WASHINGTON — Masi Preston is the principal of Dorothy Height Elementary School in Northwest D.C. and was named the 2020 Principal of the Year for D.C. Public Schools.
"A lot of times we don’t always hear the words, 'Thank you.' So, it feels good to be acknowledged," Preston said.
Preston is a native Washingtonian who was raised and educated in Ward 4, where she currently leads students, staff, and teachers.
She is a graduate of Calvin Coolidge Senior High School and Howard University.
Preston has led Dorothy Height Elementary since DCPS took over the former charter school when it was forced to close in 2015.
Preston explained transitioning from a charter school to public school was unprecedented and came with unique challenges.
"For one, staff -- we had to make sure the staff was prepared," Preston said. "Everything was happening all at once and it was moving fast."
She explained that teachers and staff had to become familiar with DCPS curriculum and procedures while simultaneously doing the work to close the charter school.
"The other challenge was to make sure that we convinced and had our parents feel as though that things would not change for them," she said.
Dorothy Height Elementary School has seen tremendous successes, according to DCPS.
The school was one of 34 schools that received a higher STAR Rating in 2019 than the previous year, according to date released by the Office of the State Superintendent of Education. In 2018, Dorothy Height was a 3 STAR school.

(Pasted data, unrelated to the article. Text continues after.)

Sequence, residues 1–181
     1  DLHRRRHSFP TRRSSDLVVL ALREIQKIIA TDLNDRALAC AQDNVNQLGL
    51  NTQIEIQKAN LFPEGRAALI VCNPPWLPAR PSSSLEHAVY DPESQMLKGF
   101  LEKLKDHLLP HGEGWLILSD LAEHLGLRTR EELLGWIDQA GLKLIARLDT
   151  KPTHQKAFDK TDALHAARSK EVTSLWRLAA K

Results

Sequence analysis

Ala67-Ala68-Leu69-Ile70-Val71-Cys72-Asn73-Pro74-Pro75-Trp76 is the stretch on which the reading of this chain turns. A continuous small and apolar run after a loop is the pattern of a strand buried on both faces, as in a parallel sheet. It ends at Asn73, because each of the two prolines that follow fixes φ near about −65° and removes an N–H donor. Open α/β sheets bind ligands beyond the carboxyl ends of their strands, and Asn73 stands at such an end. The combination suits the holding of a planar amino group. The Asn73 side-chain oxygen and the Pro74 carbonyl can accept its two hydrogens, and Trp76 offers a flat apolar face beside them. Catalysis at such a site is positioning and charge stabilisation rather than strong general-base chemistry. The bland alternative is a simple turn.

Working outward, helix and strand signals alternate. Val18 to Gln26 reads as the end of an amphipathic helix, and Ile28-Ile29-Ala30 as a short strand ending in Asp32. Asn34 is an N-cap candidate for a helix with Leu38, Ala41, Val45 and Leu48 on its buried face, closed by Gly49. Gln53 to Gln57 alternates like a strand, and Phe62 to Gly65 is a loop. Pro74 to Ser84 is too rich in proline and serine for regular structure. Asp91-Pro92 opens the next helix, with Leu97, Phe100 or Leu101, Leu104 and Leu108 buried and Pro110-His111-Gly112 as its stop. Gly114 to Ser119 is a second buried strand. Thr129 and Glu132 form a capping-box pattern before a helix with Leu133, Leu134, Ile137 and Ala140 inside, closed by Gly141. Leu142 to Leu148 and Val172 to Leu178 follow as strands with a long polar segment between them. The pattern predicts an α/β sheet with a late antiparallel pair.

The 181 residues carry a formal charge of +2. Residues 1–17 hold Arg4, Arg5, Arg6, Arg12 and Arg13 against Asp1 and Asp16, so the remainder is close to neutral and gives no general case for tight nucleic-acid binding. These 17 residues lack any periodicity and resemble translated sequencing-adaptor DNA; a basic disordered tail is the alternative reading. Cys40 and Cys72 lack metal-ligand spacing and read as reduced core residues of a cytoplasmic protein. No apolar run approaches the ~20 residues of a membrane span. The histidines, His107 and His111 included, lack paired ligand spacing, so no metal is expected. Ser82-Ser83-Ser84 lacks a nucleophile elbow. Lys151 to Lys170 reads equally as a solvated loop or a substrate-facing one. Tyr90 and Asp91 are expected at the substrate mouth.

A DCPS spokesperson said Dorothy Height was also one of 16 schools with double-digit increases in math proficiency on the PARCC exam, and the number of students scoring proficient on the exam grew by 12 percent.
The Principal of the Year award recognizes a DCPS school leader who has a proven track record of instructional leadership, a commitment to providing high-quality learning opportunities for all students, a passion for student achievement, and a focus on closing the achievement gap.
"You definitely have to have passion for the work and integrity but definitely start with love. You have to love what you do.You have to love the children no matter what," Preston said.
She explained her tools to be an effective school leader.
"We have a lot of kids with trauma. You know? Things that happened at home and they come to school with whatever baggage they bring, so just being able to meet them where they are."
Preston will receive a $10,000 award to recognize her leadership.